The instructions for implementing the object detection in training or application processes, methods and/or techniques discussed herein are provided on non-transitory computer-readable storage media or memories, such as a cache, buffer, RAM, removable media, hard drive or other computer readable storage media (e.g., the memory 16). Computer readable storage media include various types of volatile and nonvolatile storage media. The functions, acts or tasks illustrated in the figures or described herein are executed in response to one or more sets of instructions stored in or on computer readable storage media. The functions, acts or tasks are independent of the particular type of instructions set, storage media, processor or processing strategy and may be performed by software, hardware, integrated circuits, firmware, micro code and the like, operating alone or in combination.
In one embodiment, the instructions are stored on a removable media device for reading by local or remote systems. In other embodiments, the instructions are stored in a remote location for transfer through a computer network. In yet other embodiments, the instructions are stored within a given computer, CPU, GPU or system. Because some of the constituent system components and method steps depicted in the accompanying figures may be implemented in software, the actual connections between the system components (or the process steps) may differ depending upon the manner in which the present embodiments are programmed.
A program may be uploaded to, and executed by, the processor 18 comprising any suitable architecture. Likewise, processing strategies may include multiprocessing, multitasking, parallel processing and the like. The processor 18 is implemented on a computer platform having hardware, such as one or more central processing units (CPU), a random access memory (RAM), and input/output (I/O) interface(s). The computer platform also includes an operating system and microinstruction code. The various processes and functions described herein may be either part of the microinstruction code or part of the program (or combination thereof) which is executed via the operating system. Alternatively, the processor 18 is one or more processors in a network.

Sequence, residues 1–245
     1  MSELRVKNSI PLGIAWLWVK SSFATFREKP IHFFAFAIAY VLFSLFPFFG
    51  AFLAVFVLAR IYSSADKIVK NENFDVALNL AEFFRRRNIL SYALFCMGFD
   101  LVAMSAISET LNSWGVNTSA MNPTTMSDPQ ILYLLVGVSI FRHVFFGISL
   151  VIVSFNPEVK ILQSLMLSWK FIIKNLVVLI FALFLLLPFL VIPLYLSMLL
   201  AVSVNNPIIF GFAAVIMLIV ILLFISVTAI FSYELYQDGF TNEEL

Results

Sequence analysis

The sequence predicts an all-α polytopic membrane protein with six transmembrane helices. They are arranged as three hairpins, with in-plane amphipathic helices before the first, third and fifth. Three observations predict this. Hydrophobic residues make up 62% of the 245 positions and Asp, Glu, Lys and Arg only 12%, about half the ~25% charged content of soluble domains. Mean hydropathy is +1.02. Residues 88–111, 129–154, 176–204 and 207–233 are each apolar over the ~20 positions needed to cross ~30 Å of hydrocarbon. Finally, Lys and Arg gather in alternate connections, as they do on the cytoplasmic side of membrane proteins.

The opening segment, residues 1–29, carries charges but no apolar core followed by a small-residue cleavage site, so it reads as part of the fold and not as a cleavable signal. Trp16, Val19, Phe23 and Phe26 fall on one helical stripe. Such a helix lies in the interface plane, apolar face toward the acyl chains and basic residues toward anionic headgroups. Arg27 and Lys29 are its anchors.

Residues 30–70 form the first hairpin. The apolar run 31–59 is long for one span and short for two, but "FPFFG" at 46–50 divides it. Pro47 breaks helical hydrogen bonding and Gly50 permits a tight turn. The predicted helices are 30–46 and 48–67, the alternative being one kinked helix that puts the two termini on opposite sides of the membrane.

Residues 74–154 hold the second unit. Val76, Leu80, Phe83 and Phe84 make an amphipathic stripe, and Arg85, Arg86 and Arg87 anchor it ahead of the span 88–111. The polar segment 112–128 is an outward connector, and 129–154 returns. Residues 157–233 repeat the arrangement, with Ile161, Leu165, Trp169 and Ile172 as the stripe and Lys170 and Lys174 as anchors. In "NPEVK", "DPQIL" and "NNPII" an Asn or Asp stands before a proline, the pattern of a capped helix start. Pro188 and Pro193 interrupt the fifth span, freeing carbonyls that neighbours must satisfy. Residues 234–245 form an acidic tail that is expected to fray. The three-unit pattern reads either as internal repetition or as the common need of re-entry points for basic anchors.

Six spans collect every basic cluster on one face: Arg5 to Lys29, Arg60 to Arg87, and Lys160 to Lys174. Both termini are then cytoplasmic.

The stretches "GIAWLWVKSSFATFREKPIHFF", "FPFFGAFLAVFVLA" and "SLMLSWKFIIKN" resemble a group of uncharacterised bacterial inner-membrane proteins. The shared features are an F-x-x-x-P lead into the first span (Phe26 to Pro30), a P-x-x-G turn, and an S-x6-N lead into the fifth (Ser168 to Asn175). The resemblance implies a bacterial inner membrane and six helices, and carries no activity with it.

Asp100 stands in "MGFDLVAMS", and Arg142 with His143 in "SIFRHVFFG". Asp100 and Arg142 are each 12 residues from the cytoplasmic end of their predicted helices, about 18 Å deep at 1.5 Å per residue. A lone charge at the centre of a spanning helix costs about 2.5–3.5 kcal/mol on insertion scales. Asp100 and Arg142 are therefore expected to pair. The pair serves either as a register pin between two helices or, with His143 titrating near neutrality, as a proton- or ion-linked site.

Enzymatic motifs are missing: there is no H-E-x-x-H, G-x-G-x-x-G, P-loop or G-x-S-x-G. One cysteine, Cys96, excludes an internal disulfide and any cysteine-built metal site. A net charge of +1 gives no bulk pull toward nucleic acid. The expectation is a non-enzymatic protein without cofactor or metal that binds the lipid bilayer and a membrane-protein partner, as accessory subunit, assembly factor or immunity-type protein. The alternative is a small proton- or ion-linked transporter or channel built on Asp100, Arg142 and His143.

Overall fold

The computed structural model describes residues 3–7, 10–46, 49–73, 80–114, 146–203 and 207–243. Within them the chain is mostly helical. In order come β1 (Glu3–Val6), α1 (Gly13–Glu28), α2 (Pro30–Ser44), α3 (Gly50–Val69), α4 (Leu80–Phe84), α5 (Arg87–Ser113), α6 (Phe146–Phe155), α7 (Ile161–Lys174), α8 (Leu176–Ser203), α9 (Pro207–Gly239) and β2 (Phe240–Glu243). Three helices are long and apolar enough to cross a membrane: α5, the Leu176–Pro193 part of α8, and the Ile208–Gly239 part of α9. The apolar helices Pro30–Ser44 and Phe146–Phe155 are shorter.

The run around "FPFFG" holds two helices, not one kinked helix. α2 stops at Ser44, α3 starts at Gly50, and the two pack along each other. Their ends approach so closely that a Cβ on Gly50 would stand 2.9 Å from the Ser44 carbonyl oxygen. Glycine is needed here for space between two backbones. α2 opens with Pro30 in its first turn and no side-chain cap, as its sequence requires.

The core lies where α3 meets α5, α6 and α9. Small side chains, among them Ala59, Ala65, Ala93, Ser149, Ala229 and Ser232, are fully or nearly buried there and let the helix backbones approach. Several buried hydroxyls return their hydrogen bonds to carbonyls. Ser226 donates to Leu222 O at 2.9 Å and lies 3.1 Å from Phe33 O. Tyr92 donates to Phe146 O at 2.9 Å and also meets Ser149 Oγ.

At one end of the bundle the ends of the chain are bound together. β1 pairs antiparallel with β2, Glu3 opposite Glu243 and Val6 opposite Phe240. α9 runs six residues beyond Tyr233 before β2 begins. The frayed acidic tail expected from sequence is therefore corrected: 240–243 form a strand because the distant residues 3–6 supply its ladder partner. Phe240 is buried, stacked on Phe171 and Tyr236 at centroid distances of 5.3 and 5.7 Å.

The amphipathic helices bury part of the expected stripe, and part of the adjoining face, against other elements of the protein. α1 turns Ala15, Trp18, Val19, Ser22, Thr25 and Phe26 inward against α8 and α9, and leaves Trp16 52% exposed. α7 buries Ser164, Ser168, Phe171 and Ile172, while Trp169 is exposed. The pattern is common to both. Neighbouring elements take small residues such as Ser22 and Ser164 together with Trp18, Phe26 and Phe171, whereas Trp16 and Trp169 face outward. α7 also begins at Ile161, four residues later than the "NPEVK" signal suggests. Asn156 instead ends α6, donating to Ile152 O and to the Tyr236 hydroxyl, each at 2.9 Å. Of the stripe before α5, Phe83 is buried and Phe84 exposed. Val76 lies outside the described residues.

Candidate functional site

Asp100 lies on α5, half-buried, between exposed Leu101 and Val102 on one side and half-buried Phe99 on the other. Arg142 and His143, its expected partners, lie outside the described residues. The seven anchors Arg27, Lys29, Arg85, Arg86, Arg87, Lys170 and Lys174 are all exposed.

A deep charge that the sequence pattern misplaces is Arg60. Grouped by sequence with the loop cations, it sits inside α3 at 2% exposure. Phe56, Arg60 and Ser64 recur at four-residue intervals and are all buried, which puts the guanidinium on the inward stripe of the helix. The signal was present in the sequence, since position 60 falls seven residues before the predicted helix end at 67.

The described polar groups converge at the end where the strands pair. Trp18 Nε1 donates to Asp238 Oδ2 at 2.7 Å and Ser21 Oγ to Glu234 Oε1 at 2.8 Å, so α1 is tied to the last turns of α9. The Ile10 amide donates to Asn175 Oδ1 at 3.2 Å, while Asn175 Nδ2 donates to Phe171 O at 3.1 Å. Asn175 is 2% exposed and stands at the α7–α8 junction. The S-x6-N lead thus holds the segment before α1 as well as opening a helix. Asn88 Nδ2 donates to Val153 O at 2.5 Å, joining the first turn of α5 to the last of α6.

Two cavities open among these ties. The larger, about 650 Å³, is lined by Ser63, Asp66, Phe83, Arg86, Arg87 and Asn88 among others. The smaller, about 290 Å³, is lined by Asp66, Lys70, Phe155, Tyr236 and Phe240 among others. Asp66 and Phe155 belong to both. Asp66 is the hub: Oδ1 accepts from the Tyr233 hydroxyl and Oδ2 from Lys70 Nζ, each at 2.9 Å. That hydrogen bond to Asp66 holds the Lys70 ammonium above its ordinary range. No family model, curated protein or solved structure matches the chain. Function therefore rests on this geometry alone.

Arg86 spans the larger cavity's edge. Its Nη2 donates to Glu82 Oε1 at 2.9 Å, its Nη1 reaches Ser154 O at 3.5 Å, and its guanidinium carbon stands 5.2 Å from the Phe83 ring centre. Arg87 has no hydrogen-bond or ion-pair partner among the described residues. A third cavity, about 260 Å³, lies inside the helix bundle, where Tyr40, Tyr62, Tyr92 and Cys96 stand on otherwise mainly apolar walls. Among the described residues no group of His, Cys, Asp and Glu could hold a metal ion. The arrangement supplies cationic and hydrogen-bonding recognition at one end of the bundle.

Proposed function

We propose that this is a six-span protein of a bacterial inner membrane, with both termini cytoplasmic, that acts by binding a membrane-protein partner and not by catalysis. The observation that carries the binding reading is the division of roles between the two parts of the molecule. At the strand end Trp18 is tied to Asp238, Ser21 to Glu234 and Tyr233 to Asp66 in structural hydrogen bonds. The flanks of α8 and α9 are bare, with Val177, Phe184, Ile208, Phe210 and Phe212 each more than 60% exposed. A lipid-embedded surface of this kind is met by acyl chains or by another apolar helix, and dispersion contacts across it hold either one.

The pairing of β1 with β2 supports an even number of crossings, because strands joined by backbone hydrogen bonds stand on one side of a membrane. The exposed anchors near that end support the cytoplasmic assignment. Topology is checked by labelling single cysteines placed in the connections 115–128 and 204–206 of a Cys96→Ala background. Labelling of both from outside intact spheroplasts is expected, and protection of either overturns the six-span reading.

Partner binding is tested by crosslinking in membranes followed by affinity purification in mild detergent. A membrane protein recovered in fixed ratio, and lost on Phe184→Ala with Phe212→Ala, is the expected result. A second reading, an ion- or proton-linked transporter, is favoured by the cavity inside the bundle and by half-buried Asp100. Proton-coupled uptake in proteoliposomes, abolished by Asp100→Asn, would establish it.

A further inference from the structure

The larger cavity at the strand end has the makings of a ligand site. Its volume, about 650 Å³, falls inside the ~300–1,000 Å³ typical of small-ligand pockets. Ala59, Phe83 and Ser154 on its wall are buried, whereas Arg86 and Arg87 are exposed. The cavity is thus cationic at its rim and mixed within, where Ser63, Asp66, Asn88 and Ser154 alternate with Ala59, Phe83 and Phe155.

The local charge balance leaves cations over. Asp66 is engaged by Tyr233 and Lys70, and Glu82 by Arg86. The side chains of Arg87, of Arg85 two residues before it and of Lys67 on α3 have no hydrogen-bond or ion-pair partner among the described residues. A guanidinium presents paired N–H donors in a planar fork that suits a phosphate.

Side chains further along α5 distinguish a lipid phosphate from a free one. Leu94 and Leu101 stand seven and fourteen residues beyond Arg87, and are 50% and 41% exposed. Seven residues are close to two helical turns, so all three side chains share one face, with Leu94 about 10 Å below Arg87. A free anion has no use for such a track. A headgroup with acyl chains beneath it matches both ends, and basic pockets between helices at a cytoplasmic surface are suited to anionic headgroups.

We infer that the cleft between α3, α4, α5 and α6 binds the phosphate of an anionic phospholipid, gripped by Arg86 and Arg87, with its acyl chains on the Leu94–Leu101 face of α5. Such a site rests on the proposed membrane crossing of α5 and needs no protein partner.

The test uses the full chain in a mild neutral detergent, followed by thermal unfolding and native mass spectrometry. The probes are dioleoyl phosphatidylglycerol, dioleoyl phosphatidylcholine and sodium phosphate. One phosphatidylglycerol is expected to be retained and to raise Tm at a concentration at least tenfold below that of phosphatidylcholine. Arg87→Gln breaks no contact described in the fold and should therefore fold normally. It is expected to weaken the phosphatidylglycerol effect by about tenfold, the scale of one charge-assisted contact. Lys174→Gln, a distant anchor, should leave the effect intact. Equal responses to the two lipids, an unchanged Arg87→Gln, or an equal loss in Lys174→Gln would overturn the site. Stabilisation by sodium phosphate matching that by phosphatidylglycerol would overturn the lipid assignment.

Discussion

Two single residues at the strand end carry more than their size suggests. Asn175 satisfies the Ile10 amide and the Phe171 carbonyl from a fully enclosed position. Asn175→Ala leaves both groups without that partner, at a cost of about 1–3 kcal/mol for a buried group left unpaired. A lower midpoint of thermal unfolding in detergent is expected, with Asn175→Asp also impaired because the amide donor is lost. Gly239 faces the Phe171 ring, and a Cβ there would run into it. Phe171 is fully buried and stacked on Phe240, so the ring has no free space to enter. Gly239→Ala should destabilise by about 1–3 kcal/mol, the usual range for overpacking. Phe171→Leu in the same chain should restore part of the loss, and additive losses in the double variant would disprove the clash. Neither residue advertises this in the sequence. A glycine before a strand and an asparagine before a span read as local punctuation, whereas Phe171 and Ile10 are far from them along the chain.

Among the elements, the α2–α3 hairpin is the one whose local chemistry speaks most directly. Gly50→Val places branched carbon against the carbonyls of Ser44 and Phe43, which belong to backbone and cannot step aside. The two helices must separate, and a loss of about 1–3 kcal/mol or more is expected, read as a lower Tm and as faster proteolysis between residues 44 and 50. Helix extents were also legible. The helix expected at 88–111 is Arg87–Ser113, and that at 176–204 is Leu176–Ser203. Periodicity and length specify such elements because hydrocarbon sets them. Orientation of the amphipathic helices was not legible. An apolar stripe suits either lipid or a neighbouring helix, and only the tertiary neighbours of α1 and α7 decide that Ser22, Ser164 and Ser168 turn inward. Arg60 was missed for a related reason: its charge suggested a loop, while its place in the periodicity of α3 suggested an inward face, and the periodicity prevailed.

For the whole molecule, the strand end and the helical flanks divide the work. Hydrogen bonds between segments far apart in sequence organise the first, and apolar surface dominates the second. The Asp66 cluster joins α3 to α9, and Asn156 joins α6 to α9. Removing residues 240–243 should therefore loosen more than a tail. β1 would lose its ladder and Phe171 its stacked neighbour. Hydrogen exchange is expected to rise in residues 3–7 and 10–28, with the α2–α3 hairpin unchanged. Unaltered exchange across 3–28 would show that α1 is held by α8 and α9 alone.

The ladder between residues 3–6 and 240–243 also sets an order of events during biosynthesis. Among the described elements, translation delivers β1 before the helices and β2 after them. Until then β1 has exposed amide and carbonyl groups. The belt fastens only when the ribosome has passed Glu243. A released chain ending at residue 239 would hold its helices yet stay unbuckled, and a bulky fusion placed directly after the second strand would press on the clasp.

The processor 18 is configured to obtain images. The images may be of a field of view or of a person clipped from the field of view. The processor 18 may perform the clipping. Regions or division of the image may be delineated by the processor 18.
The processor 18 is configured to learn features or extract learned features. For example, a multi-layer feature learning network is defined and used to learn features to re-identify a person. The features are learned at different layers. In one embodiment, local and global features are learned. The learnt features may be extracted by application of the learnt process.
The processor 18 is configured to classify based on the learned features. The features are input to learn to classify the input images. Using ground truth and joint optimization, the classifier is learned with learning the features. For application, the processor 18 determines an output of the machine-learnt classifier based on the input learned features.
Various improvements described herein may be used together or separately. Although illustrative embodiments of the present invention have been described herein with reference to the accompanying drawings, it is to be understood that the invention is not limited to those precise embodiments, and that various other changes and modifications may be affected therein by one skilled in the art without departing from the scope or spirit of the invention.
1. A method for object detection, the method comprising:
- obtaining images of an object;
- defining a plurality of sequential feature layers of a multi-layer feature learning network;
- providing an aggregator layer receiving features from multiple layers of the multi-layer feature learning network;
- optimizing, jointly and by a processor, the multi-layer feature learning network and the aggregator layer using the images of the object; and
- outputting, by the processor, a set of learned features represented by the optimized multi-layer feature learning network and a detector that makes use of the generated features by the optimized aggregator layer, the set of learned features being for distinguishing the object and the detector being for classifying the object.
2. The method of claim 1 wherein obtaining the images comprises obtaining medical images with the object comprising an organ or medical anomaly.
3. The method of claim 1 wherein obtaining the images comprises obtaining security images with the object comprising a person.